Owners tap its back button to bring the beast to life and use actual voice commands (English, French or Spanish) and touch sensors for the multi-jointed pal to perform more than 25 tricks including sitting and lying down.

Let the mutt just hang out on normal mode, and it is a bundle of energy, bouncing, running, prancing, barking and panting away and even lifting a rear leg to relive itself (water streaming sound effect included).

As far as touch tricks, rub Zoomer’s head and he will roll over for a belly rub, or tickle its chest and it will wiggle.

Zoomer’s silver, purple, white and grey, hard plastic body also features soft, furry ears and tail and a soft rubbery tongue that flaps away when giving kisses.

And, best of all, new owners can name the pooch, and it will respond when called upon. Parents will need to help youngsters program the robodog to understand his new moniker.

Owners get roughly 30 minutes of playtime after a 60-minute charge using the included USB cable.

PowerUp X-FPV

What is it? A high-tech and nosey paper airplane
Gift group:
Junior aviators tired of playing with traditional drones

Santa’s scoop: PowerUp Toys refines paper airplane technology to allow owners to use a smartphone to fly a 13-inch-long, Wi-Fi-connected aircraft with an 11-inch wing span and looking a bit like a red-and-black Stealth fighter.

First, fold the body of the plane made out of paper with reinforced carbon fiber and nylon (four sheets of special paper are included). That task will require some effort and needs assist from a few pieces of Scotch tape. Make sure the plane can fly before attaching the engine.

Next, attach the carbon fiber frame holding a cockpit that has a rotating camera and rechargeable battery and a pair of twin rear propellers. Then, wait for it, download the free app to control the plane using a game pad-style presentation.

The plane feature an onboard autopilot, crash detection that will kill the engines to not mess up the blades, a shock-absorbent front bumper, 300 feet of Wi-Fi range and an auto stabilizer to fly in windy conditions.

Now, stick the phone in the included Google cardboard goggles and feel like you are sitting in the cockpit, seeing what the plane sees as it buzzes around locations. Head movements even control the craft, though it will take some major practice sessions.

Additionally, insert a micro SD card (sold separately) into the cockpit area to record some of the flight action, controlled via the app, with a 640x480 pixel resolution.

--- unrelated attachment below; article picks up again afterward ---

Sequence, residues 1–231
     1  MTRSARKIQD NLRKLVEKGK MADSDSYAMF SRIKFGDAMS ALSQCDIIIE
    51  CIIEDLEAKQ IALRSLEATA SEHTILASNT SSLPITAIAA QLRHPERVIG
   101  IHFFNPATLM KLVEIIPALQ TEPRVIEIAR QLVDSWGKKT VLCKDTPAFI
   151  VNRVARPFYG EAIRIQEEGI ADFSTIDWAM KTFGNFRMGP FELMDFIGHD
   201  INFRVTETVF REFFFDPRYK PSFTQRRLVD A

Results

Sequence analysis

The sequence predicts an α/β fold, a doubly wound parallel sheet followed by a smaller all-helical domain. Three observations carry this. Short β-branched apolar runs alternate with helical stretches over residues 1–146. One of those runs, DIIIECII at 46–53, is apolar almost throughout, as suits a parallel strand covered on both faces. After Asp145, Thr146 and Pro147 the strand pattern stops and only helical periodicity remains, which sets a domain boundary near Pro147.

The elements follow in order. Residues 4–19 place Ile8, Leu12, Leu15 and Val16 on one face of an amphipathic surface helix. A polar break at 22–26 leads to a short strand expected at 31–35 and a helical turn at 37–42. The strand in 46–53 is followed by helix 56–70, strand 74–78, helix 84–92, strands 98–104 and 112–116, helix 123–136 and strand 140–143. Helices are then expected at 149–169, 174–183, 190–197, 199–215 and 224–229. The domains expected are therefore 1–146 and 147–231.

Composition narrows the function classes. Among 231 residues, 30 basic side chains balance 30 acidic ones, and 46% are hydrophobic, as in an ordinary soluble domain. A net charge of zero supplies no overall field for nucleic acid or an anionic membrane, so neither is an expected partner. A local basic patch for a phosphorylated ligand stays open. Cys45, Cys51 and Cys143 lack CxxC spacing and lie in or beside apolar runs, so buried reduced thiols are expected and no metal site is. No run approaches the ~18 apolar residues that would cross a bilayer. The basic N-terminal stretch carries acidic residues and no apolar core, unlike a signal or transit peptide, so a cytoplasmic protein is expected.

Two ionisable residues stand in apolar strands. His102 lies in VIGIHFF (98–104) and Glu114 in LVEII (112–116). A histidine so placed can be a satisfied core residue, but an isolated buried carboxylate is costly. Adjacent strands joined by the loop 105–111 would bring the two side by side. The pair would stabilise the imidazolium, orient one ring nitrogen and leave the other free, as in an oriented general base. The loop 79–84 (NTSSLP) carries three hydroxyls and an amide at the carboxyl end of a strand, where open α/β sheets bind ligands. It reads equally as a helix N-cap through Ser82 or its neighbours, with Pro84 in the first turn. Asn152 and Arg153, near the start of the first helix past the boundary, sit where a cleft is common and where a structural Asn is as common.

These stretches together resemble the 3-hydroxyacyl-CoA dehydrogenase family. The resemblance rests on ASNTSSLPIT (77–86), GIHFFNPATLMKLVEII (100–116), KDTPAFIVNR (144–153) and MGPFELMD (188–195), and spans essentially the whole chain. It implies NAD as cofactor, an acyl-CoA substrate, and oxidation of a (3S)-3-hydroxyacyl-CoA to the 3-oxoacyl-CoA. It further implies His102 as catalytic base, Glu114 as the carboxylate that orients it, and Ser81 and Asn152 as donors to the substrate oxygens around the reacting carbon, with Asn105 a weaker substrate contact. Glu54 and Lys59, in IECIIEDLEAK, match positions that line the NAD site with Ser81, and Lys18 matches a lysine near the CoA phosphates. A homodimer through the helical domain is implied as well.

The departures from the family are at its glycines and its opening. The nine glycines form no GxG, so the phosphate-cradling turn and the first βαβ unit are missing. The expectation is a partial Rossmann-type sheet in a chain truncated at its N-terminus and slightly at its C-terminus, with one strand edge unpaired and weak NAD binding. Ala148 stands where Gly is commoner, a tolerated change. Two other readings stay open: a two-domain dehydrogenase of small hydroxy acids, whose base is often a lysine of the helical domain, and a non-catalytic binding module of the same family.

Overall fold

Expect about 10 minutes of flight time on a fully charged battery (that takes a couple of hours to charge, yikes). I would suggest buying extra batteries for an extended session (a three-battery pack with a multi-battery charger runs $29.99).

Now, the beauty for parents comes in watching Junior test his own paper airplane (also try sturdy paper stock such as high-end printer paper to experiment) and giving him hands-on lessons in aeronautical engineering.

And, of course, the PowerUp X-FPV is recommended for large open and grassy fields during stable weather conditions.

(Baby Alive) Real As Can Be Baby
What is it?
A robotic toddler requiring 4 AA batteries (included)
Gift group:
Imaginative children wanting a new sibling

Santa’s scoop: Hasbro’s Baby Alive series of dolls ratchet up the “alive” part with its latest, a 16-inch-long toddler with soft body offering more than 80 combined movements, facial expressions and sounds.

Touch its left hand to wake baby up to deliver plenty of interactive moments loaded with cooing, babbling and smiles as it even reacts to the owner’s voice.

For example, tickle its tummy and it giggles. Speak to the baby and its neck moves as big bright eyes and fluttering eyelashes look toward the caretaker. Put a pacifier in its mouth and lips close around it. Gently rock the baby, and it will fall asleep.

And, most importantly, give the shrimp a bottle before it displays an unhappy face that is almost heartbreaking.

The Baby Alive comes with a blanket, onesie, hat, headband, bottle and a pacifier.

The only pain in the butt with the doll, and it is literally a pain in the butt, is turning it on. Parents will need to partially remove its onesie to get to its bottom, crack open another soft layer and access the activation switch.